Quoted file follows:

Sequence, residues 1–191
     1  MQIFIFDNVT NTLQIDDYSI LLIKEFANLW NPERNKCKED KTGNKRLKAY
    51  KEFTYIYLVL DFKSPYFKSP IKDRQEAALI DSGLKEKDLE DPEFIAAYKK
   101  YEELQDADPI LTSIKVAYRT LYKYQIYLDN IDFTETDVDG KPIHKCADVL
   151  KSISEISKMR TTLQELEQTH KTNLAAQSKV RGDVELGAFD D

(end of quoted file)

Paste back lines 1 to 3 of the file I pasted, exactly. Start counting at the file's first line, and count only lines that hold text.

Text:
Sequence, residues 1–191
     1  MQIFIFDNVT NTLQIDDYSI LLIKEFANLW NPERNKCKED KTGNKRLKAY
    51  KEFTYIYLVL DFKSPYFKSP IKDRQEAALI DSGLKEKDLE DPEFIAAYKK